I wasn't really paying any attention. I'm not all that into reality TV, and to be honest, the show is not all that interesting. Yes, it's cold and wet and dangerous. Yes, there's tension between the greenhorns and the old mariners. Yes, their lives and livelihoods depend upon wether or not they can fill their boats with crab. Lots of drama, lots of arguing, lots of salt water - We get it already. So anyway, I wasn't really watching because, you know, you've seen it once you've seen it 100 times. And stalking my not-so-close-friends on Facebook had me so riveted that Deadliest Catch wasn't even a blip on my radar. But then Stephen turned it way up and said, "Oh, he's gonna die......he is totally gonna die! Oh, jeez, oh jeez! He has no hope"

This got my attention. I looked up to see that a deckhand had been swept off of a boat and into the freezing water. Cameramen follow as the crew of the nearby TimeBandit see the fisherman disappear from his boat into the whitecaps and they frantically set about to pull him from the water. The captain of the TimeBandit edges his boat as near as he can while the crew scrambles, pulling on protective gear, throwing themselves onto the deck, fighting against ropes and knots and the elements of nature to cast a lifesaver to the man, to jump in if need be, and ultimately to save his life. They finally drag the poor guy out, close to dead from hypothermia, sputtering from his near drowning and literally begging for his life. He's thanking everybody around him as he strips out of wet clothes, they wrap him in a blanket and bring him into the warm galley. It was all very exciting.

*sidenote* I haven't been sleeping well for the past few months. I can fall asleep....but not stay asleep. Which pretty much sucks. I usually wake up at 2 or 3 in the morning with some random thought. "I wonder if Kathy can buy pecans in Alaska?" or "Maybe I should put the towels on the second shelf and the sheets on the top shelf." I mean stupid stuff really, but there I am, awake in the middle of almost every night thinking about switching shampoo or renting a movie or googling some odd fact.

So, the last couple of nights I've awakened (*not surprisingly - see "sidenote"*) to thoughts of the man overboard and the captain and the crew that saved him. There was this moment, a few seconds really, where the captain of the ship comes down to see how the guy is. He is still dripping wet and shivering from cold and the captain stoops down and leans in to tell him how happy he is that he is alive. They embrace, and as the captain hugs him, pats him, hugs him again, the man finally begins to cry. He cries out, "You saved my f-ing life! You saved my f-ing life! You saved my f-ing life!" Again and again he says it as he clings to the captain, burying his face in the other mans chest and crying out in his gratitude. All of this lasts less than a minute. Two gruff sailors unable to contain their gratefulness for the life that was saved. The man is left to warm up and the captain returns to his post with a visible sigh of relief.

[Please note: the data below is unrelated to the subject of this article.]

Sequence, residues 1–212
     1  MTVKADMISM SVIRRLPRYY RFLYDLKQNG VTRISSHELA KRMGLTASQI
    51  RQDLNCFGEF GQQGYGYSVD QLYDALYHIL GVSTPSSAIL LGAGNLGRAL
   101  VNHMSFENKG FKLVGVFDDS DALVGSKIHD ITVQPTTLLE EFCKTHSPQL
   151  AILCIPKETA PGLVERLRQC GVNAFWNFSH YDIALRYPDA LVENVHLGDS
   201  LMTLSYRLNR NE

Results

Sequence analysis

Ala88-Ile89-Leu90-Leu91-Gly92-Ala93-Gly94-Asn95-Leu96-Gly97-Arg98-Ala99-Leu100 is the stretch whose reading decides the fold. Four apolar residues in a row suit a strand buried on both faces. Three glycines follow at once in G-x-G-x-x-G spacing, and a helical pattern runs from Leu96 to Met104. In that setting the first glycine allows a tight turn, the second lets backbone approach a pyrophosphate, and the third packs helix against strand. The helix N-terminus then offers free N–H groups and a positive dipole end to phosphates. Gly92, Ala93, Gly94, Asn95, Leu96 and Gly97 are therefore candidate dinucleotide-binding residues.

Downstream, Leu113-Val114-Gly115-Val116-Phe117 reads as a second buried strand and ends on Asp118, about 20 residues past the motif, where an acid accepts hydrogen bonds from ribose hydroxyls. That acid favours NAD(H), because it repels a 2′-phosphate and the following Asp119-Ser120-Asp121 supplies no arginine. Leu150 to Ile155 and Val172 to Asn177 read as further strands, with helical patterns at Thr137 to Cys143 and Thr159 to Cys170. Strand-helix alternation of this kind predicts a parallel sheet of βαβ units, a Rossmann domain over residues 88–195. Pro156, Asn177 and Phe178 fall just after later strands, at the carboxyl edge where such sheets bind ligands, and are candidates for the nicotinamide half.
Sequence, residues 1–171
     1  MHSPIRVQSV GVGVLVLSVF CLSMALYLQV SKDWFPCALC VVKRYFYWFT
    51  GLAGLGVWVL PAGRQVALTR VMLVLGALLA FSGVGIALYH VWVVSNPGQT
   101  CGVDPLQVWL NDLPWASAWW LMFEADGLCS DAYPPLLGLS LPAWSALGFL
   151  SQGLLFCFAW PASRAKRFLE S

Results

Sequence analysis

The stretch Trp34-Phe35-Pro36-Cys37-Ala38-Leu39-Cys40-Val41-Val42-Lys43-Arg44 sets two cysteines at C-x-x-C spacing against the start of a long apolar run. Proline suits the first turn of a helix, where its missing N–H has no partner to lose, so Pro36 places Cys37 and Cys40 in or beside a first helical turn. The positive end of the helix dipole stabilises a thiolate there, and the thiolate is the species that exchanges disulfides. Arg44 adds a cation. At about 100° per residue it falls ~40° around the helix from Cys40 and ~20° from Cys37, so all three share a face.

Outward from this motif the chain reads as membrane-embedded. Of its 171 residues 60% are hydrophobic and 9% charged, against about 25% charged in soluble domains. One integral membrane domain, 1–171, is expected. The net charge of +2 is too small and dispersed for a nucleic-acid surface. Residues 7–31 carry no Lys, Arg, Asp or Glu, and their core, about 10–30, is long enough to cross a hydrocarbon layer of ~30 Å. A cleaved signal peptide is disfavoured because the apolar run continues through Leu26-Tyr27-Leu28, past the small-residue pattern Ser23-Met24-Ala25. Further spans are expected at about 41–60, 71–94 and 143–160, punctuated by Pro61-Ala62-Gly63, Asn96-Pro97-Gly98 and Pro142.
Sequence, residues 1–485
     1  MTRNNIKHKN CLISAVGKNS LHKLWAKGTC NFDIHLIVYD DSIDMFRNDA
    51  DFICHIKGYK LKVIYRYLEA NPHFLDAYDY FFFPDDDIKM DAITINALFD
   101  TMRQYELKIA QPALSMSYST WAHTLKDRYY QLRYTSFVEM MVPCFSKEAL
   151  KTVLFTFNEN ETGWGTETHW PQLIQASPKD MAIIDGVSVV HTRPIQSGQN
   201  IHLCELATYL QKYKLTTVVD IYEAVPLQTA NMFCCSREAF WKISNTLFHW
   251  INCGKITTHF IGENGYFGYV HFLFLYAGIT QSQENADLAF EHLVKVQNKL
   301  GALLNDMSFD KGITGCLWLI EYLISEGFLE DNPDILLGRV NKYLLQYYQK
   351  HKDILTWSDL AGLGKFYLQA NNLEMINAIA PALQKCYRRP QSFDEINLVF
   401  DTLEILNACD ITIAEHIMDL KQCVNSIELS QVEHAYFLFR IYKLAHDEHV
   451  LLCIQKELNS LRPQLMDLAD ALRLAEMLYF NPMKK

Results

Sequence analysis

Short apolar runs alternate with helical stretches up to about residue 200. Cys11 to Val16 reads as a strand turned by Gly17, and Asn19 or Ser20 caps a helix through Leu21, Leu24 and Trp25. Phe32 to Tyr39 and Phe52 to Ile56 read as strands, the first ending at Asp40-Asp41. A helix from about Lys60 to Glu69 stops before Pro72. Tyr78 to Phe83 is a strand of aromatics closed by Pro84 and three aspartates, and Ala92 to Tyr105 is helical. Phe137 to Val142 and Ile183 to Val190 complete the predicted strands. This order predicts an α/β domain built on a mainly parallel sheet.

I'm guessing that it's not as moving as I think, but for whatever reason, the whole scene has sort of stuck with me. It reminds me of who I want to be. The man was right to thank the Captain for saving him. It was His careful maneuvering that made the rescue possible. It was the crew in His service, using the tools and training that He had provided that pulled him from the sea. A crew that acted with honor and sacrifice to see him into the boat. Every man on the ship that day did his job, no matter how seemingly small. They were selfless and courageous. No one was jealous of another mans role or took on more than his own. They served their Captain and their fellow man. I want to be like that.

It just occurred to me that I could have simply referred you to the video clip. You should totally watch it. Seriously, I am fully aware that I'm reading into it, but still when I watch it I am moved:

Do you feel me?